For obvious reasons, the book makes uncomfortable reading now. It feels deeply wrong to see a mother tacitly encouraging her former lover to indulge her daughter’s pre-adolescent crush on him. We are nowadays taught to be much stricter about the ages at which certain kinds of attachment are appropriate, especially when said attachment is between an adult and a young person. It isn’t only the hints of child exploitation that make this difficult to stomach, though. Garnett blithely creates a fantasy world in which his main characters happily drift through their tangled open relationship. No one seems to particularly care about anyone else’s well-being. The exception is, perhaps, Sir George, but he obviously isn’t as ‘sophisticated’ and ‘modern’ as Rose and Alexis. (He’s so charmingly old-fashioned, with his quaint monogamy). Plus, the final twist in Alexis’s romantic journey is just ridiculous (spoiler: ‘I’ve never met you before! Let’s go to bed! My God, I’m now utterly in love with you! Let’s run away together!” How old are you, people? Don’t any of you need to earn money, or do anything constructive?).
Lest I upset anyone, I do know that some open relationships are said to work very well, and that their members are very happy. But this requires a level of communication and generosity which isn’t on view here. And I don’t think it was in Bloomsbury either. And I’m pretty sure such relationships work best when children aren’t part of them.
The remarkable thing is that real life was even more unsettling than fiction in this case. If we see Alexis as Garnett, then Jenny is Angelica Bell, born in 1918 as the illegitimate daughter of Vanessa Bell and Duncan Grant. In real life, Garnett was romantically involved not with Jenny’s mother, but with her father, Grant; and, in real life, he was the one who contemplated a future sexual relationship with his lover’s child. He wrote to Lytton Strachey, not long after Angelica’s birth, that, ‘Its beauty is the remarkable thing… I think of marrying it. When she is 20, I shall be 46 – will it be scandalous?’ (Answer: YES! Maybe I’m irredeemably prudish but I find this reaction to a newborn child very disturbing.) And he did marry her, though not until after he’d married the artist Rachel (‘Ray’) Marshall, who died in 1940. Two years later, Garnett succeeded in marrying Angelica, with whom he’d been having an affair since 1938. She was 24; he was fifty. Poor Angelica. Her life was overshadowed with startling revelations: her father was not Clive Bell, but Grant; her husband was her father’s lover… She later wrote the memoir Deceived with Kindness about her childhood among the decadently immoral members of the Bloomsbury Group. I have it somewhere, and will have to dig it out, to get ‘Jenny’s’ side of the story. It isn’t usually necessary to understand much about an author’s biographical context when assessing one of his or her novels, but this is one case where I think it’s absolutely crucial.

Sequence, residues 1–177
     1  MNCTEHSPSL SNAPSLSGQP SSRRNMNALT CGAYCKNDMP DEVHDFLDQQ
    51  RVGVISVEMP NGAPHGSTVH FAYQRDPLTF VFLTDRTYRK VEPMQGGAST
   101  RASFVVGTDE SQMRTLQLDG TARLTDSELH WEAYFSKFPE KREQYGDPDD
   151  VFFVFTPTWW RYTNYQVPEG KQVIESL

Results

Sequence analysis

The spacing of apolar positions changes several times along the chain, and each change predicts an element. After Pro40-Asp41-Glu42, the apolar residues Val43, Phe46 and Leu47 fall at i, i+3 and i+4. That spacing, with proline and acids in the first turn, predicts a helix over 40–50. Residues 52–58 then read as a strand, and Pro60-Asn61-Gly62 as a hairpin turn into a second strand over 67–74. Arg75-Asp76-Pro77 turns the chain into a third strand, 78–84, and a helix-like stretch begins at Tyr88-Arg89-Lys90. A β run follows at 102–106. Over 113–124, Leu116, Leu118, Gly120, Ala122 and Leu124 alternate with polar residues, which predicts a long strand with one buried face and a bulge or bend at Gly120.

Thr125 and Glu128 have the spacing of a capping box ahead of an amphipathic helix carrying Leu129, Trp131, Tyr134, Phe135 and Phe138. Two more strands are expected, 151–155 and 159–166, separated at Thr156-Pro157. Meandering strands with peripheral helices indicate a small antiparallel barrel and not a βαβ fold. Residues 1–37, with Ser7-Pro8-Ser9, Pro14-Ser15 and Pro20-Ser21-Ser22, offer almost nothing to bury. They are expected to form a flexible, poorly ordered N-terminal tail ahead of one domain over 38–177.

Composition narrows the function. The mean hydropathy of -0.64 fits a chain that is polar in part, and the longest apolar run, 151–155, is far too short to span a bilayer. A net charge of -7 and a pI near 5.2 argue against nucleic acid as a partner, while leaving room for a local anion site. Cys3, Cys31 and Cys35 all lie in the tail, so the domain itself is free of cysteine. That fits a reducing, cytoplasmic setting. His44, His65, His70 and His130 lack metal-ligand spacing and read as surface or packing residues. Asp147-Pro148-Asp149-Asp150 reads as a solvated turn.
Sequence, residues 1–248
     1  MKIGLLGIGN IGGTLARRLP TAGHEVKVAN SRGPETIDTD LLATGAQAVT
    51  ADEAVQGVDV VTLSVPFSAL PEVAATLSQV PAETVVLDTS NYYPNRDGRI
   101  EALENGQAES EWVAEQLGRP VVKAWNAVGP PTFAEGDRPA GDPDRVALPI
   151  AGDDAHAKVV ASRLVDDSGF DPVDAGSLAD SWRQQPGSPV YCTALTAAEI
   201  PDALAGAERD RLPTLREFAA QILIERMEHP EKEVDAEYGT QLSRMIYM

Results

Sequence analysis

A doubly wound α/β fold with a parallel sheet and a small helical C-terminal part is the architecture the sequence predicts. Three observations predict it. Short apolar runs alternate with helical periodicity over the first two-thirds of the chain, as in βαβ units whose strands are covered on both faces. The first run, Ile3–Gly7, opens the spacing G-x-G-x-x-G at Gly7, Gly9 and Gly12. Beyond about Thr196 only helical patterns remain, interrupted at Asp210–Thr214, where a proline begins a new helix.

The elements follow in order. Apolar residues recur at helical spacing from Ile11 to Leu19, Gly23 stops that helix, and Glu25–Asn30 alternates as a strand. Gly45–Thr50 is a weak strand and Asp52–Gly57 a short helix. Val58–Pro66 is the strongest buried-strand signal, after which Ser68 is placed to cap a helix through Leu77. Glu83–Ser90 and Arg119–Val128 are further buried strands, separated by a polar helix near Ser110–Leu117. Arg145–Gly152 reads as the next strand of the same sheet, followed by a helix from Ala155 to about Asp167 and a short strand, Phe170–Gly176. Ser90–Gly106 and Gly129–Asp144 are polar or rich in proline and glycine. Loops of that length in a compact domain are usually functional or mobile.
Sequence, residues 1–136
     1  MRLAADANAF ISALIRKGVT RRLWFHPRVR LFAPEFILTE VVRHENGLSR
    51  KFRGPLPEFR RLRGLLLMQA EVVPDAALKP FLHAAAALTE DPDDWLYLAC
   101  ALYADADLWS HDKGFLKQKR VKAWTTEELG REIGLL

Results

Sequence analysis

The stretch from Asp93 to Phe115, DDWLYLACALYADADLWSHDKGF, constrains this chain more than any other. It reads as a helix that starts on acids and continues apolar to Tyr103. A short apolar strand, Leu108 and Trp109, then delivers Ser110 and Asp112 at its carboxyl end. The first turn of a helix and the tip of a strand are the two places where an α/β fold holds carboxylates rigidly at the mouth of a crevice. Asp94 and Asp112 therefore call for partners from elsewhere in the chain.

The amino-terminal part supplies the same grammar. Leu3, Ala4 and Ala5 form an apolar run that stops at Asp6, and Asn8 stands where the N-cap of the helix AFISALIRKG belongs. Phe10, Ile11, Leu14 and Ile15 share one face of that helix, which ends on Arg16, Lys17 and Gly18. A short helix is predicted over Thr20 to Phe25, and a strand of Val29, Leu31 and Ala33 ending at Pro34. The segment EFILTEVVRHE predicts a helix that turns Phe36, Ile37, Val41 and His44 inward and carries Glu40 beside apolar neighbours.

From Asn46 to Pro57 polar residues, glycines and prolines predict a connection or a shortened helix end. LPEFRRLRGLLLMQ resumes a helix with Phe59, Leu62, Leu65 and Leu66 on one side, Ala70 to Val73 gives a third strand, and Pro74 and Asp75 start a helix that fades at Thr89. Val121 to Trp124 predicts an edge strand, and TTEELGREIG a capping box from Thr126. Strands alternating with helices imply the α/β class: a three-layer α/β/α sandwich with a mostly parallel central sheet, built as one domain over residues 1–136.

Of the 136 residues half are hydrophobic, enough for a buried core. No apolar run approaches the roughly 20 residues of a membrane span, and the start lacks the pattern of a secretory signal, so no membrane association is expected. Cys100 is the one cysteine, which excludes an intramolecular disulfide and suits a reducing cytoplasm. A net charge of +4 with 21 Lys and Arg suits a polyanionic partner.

I’m rather annoyed at David Garnett now, which is irritating because I want to read Lady into Fox and I don’t think I can do that just at the moment. I’ll have to leave it a few months until I’ve calmed down and can, once again, disassociate the author from his work. I don’t think I’m going to be bothering with the musical either.
P.S. And I can’t figure out which part of the story Love Changes Everything belongs to…
2 thoughts on “Aspects of Love (1955): David Garnett”
The musical was actually a lot more entertaining,and a bit less offensive,from what I can remember.